Analysis of C/Si ratios in extraterrestrial bodies revealed low carbon content in the formation of Earth-like planets.

Analysis of C/Si ratios in extraterrestrial bodies revealed low carbon content in the formation of Earth-like planets.

With the Kepler mission, scientists have detected a variety of planetary objects in the universe. How many of these star-planet systems – based on measured distributions – have ‘solar system’ like outcomes? A “solar system” like planetary system has at least one Earth-like planet at approximately 1 astronomical unit (AU) from the star – where more ideal conditions for life can develop – and at least one ice giant or gas giant like Jupiter at 3-5 AU in order to keep away comets from the Earth-like planet. In our galaxy alone, there are around 100 billion stars and at least as many planets. For those stars similar to our sun, there exist over 4 million planetary systems similar to our solar system, with the closest Earth-like planet at least 20 light years away. With the rapid improvement of scientific knowledge and technology, Professor Blake estimates that we would be able to collect evidence within next 5-6 years of planets within 40-50 light years to determine if they have a habitable atmosphere.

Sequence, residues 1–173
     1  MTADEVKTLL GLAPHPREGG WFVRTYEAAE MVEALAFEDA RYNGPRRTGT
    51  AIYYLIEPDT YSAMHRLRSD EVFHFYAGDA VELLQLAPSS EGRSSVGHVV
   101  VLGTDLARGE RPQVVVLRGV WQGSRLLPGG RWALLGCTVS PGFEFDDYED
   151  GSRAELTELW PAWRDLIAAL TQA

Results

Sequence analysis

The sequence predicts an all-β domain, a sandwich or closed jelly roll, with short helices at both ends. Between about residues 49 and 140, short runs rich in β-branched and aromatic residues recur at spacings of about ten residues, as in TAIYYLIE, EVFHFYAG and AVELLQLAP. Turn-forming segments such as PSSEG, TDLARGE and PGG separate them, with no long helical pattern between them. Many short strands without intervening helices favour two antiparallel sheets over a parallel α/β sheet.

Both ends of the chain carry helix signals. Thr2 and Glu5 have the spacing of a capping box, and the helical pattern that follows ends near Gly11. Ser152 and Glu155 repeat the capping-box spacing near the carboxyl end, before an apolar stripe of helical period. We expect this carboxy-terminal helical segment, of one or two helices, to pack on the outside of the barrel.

planet

Graph displaying the locations of Earth-like planets found at 0.01-1 AU from a star, and Jupiter-like planets at 0.01-50 AU from a star.

How does an Earth and a Jupiter form at their ideal distances from a star? Let’s take a closer look at how stars and planets are created – via the astrochemical cycle. Essentially, dense clouds of gas and dust become so opaque and cold that they collapse into a disk. The disk, rotating around a to-be star, begins to transport mass in toward the center and angular momentum outward. Then, approximately 1% of the star mass is left over from the process, which is enough to form planets. This is also why planets around stars are ubiquitous.

 

The Astrochemical Cycle: how solar systems are formed.

The Astrochemical Cycle: how solar systems are formed.